Today, perhaps more than ever, the restaurant business is a survival of the fittest. If you're not at the top of your game in the brutal competitive climate, you may not survive. At the first New Directions Conference, Restaurant Hospitality brought to Chicago a formidable group of top owners, chefs and seasoned experts to share their stories and advice on how to pump some new life into an anemic concept.
It's a battlefield out there. Just ask Darren Tristano, executive v.p. with Technomic, which tracks consumer opinion about restaurants. “Value and price trump experience,” he observed. Before dining out, today's consumers are asking themselves two questions: “What level of price can I afford, and where can I find that?”
With an explosion in happy hour pricing and free deals elsewhere, your guests have been trained to expect value pricing, and Tristano said it will be hard for operators to pull back on the deals once things get better.
Another habit that more would-be customers have acquired: cooking at home. Some 83 percent of those surveyed by Technomic said they plan to continue doing more of that once the economy recovers, Tristano noted.
Still, Tristano said there are opportunities other than value for restaurant operators, including:
Small plates at new dayparts (for example, mini benedicts at Ruby Tuesday; soup trios at Claim Jumper's).
Made-over comfort foods.
Healthy offerings, with more menus displaying nutritional info or offering targeted calorie counts; but don't forget that “indulgence still has its place on the menu,” Tristano added. “I think the reason many of us go out is to not know how many calories are in our food.”
Eat-some-now, get-some-for-later offerings — combining eat-in meals with take-home ready-to-eat meals.
Carry-out and delivery continue to gain steam, and younger diners are heavy users.
Different dayparts, which are seeing growth; happy hours, early bird dinners and late night menus are on the rise; 46 percent of the Technomic audience said they would like restaurants to offer breakfast all day.
On the beverage front, wine tastings and flights are good ways to boost wine sales, while hand-shaken cocktails and “skinny” beverages plug into consumer trends.
CPR for Ailing Brands
Lane Cardwell and Kerry Kramp have seen a lot during their combined six-plus decades in the business, but both of them faced formidable challenges with their latest assignments. Cardwell was brought in to turn around Boston Market, the struggling home meal replacement leader; Kramp was named by his fellow board members to be president and c.e.o. of Sizzler, a mature West Coast brand that had seen better days.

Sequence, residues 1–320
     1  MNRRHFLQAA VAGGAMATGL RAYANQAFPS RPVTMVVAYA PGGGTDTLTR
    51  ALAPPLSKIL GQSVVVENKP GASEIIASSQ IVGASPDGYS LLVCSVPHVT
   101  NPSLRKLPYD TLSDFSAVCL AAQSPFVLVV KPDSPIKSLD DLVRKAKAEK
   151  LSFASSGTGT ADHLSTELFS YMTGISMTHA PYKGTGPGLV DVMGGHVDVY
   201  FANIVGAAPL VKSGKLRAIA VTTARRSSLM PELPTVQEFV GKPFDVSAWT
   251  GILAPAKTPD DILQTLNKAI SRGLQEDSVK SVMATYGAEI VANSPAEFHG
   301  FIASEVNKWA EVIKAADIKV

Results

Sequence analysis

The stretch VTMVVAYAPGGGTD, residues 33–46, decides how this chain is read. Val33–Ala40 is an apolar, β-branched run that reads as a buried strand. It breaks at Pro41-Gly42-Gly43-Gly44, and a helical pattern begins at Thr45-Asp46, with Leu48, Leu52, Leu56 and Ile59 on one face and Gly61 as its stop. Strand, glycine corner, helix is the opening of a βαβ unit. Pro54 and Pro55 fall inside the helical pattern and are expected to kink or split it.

In Cardwell's case, he was the third c.e.o. to take over in a short time, and one of his first tasks was to assess the mood of the corporate staff who remained. “It was a group that did not see success in their future,” he recalled. Boston Market brought in a consultant who proposed a new look and feel product with upgraded service. The chain spent $25,000 retrofitting a Palm Beach, FL location as a test before rolling it out to the entire system. With real serverware, kitchen help outfitted in chef's whites and servers in blue oxford instead of tee shirts, the revitalized brand now calls itself “America's Kitchen Table.”
The strategy by Cardwell, who recently departed Boston Market, worked.
“We went from being in the transaction business to being in the hospitality business,” he observed. Stores that converted saw their sales jump 10-20 percent almost immediately.
Kramp recalled that Sizzler was a solid chain that had “lost its way.” He ate in the restaurants — something he thinks all owners should do — and discovered that the food was good, but not great. His challenge was to get long-time customers who had abandoned it to return. To do so, his team worked on the value proposition and replaced prepared foods with more fresh items, including the beef. The entire staff, from the dishwashers to the servers, was educated on the menu, which turned them all into salespeople. In a process he described as “defibrillating the company,” Sizzler offered guests deep discounts at the outset to encourage visits.
He reasoned that the company had nothing to lose by mixing things up a bit. “If we don't sweat a little, we're not doing enough” was the philosophy. Kramp's advice to others? “Figure out where you want to go, and don't be afraid to be bold.”
Lessons in Reinvention
Drew Nieporent, Lee Maen and Paul Bartolotta have all ascended to the top, but not without learning some hard lessons along the way. They compared notes during a panel at New Directions.
Nieporent, whose Myriad Restaurant Group has operated iconic restaurants such as Tribeca Grill, a number of Nobu locations and Montrachet, admitted that he's had some good ideas and some bad ones over the years. His attempt to reinvent Montrachet, for instance, by reducing the seats and raising the prices may have hastened the demise of the place. But opening restaurants in transitional neighborhoods has paid off, and so has Nobu, which remains a hot ticket, despite no tablecloths, bread or utensils. He likes Nobu's high check average/high volume/high perceived value formula.
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Bartolotta, who won acclaim for showcasing authentic Italian fare at Chicago's Spiaggia, then retreated from the limelight to develop less-glitzy operations in Milwaukee, switched gears yet again when he agreed to open a seafood restaurant, Bartolotta Ristorante di Mare, at the Wynn Las Vegas resort. He had to work hard to convince owner Steve Wynn that a high-end seafood restaurant would work. Ultimately, his idea paid off: Today, despite a hard-hit local economy the award-winning restaurant is racking up $138 check averages.